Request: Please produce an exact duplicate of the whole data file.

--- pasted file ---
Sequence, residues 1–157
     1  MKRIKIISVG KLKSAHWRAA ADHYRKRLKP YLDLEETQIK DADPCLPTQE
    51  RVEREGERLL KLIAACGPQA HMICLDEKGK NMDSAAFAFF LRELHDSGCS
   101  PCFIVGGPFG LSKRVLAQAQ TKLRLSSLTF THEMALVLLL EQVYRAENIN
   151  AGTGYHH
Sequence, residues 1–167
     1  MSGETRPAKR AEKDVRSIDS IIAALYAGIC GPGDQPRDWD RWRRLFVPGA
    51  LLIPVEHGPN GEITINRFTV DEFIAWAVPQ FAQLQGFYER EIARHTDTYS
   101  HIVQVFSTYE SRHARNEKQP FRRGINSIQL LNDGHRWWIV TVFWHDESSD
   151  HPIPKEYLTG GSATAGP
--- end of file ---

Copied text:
Sequence, residues 1–157
     1  MKRIKIISVG KLKSAHWRAA ADHYRKRLKP YLDLEETQIK DADPCLPTQE
    51  RVEREGERLL KLIAACGPQA HMICLDEKGK NMDSAAFAFF LRELHDSGCS
   101  PCFIVGGPFG LSKRVLAQAQ TKLRLSSLTF THEMALVLLL EQVYRAENIN
   151  AGTGYHH
Sequence, residues 1–167
     1  MSGETRPAKR AEKDVRSIDS IIAALYAGIC GPGDQPRDWD RWRRLFVPGA
    51  LLIPVEHGPN GEITINRFTV DEFIAWAVPQ FAQLQGFYER EIARHTDTYS
   101  HIVQVFSTYE SRHARNEKQP FRRGINSIQL LNDGHRWWIV TVFWHDESSD
   151  HPIPKEYLTG GSATAGP